Well, at present, in England at least, Socialism is not a party, but a sect. That is sometimes brought against it as a taunt; but I am not dismayed by it; for I can conceive of a sect — nay, I have heard of one — becoming a very formidable power, and becoming so by dint of its long remaining a sect. So I think it is quite possible that Socialism will remain a sect till the very eve of the last stroke that completes the revolution, after which it will melt into the new Society. And is it not sects, bodies of definite, uncompromising principles, that lead us into revolutions? Was it not so in the Cromwellian times? Nay, have not the Fenian sect, even in our own days, made Home Rule possible? They may give birth to parties, though not parties themselves. And what should a sect like we are have to do in the parliamentary struggle — we who have an ideal to keep always before ourselves and others, and who cannot accept compromise; who can see nothing that can give us rest for a minute save the emancipation of labour, which will be brought about by the workers gaining possession of all the means of the fructification of labour; and who, even when that is gained, shall have pure Communism ahead to strive for?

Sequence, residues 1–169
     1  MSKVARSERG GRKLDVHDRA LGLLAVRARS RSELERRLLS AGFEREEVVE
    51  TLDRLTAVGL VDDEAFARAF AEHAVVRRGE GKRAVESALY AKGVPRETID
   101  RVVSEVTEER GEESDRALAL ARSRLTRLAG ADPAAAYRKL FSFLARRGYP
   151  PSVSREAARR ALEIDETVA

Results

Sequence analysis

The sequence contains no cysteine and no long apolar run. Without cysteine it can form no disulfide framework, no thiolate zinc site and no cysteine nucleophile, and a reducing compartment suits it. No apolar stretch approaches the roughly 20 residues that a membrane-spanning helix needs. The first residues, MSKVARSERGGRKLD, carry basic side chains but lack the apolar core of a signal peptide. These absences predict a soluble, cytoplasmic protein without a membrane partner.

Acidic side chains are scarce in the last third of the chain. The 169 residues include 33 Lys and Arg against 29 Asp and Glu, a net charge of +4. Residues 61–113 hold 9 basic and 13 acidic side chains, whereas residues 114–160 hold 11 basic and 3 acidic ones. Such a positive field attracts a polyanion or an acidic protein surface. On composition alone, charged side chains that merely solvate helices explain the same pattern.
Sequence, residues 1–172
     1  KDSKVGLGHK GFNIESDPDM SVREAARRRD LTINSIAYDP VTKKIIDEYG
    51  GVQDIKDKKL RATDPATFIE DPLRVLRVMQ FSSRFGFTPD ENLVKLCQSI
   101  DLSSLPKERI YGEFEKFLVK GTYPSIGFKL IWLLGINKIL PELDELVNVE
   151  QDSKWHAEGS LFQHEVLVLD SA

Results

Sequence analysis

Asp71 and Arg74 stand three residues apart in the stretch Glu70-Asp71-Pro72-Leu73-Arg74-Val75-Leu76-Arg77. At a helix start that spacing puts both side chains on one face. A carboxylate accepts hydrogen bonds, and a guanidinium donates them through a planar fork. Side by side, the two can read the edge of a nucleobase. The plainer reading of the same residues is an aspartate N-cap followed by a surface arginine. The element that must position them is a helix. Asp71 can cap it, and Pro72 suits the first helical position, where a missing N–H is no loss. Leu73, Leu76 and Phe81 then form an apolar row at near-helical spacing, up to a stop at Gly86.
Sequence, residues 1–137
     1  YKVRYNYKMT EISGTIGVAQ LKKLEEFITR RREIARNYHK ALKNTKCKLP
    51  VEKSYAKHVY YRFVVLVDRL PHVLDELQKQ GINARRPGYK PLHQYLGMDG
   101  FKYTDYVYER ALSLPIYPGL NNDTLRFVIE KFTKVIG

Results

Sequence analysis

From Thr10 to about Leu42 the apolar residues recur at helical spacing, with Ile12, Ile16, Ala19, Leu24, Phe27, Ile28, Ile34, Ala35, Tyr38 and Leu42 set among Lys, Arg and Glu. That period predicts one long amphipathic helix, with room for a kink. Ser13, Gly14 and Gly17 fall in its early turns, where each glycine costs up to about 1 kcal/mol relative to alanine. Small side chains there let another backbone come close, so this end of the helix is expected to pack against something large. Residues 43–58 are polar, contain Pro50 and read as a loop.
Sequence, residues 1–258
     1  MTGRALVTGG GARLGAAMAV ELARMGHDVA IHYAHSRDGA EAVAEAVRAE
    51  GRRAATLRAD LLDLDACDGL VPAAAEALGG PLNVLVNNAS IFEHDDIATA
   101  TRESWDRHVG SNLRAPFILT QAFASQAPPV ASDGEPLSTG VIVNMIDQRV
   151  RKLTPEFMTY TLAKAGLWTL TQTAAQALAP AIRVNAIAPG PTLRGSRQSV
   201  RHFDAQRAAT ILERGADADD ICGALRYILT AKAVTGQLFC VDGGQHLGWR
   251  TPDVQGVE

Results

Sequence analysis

What are we to do, then? Stand by and look on? Not exactly. Yet we may look on other people doing their work while we do ours. They are already beginning, as I have said, to stumble about with attempts at State Socialism. Let them make their experiments and blunders, and prepare the way for us by so doing. And our own business? Well, we — sect or party, or group of self-seekers, madmen, and poets, which you will — are at least the only set of people who have been able to see that there is and has been a great class-struggle going on. Further, we can see that this class-struggle cannot come to an end till the classes themselves do: one class must absorb the other. Which, then? Surely the useful one, the one that the world lives by, and on. The business of the people at present is to make it impossible for the useless, non-producing class to live; while the business of Constitutionalism is, on the contrary, to make it possible for them to live. And our business is to help to make the people conscious of this great antagonism between the people and Constitutionalism; and meantime to let Constitutionalism go on with its government unhelped by us at least, until it at last becomes conscious of its burden of the people’s hate, of the people’s knowledge that it is disinherited, which we shall have done our best to further by any means that we could.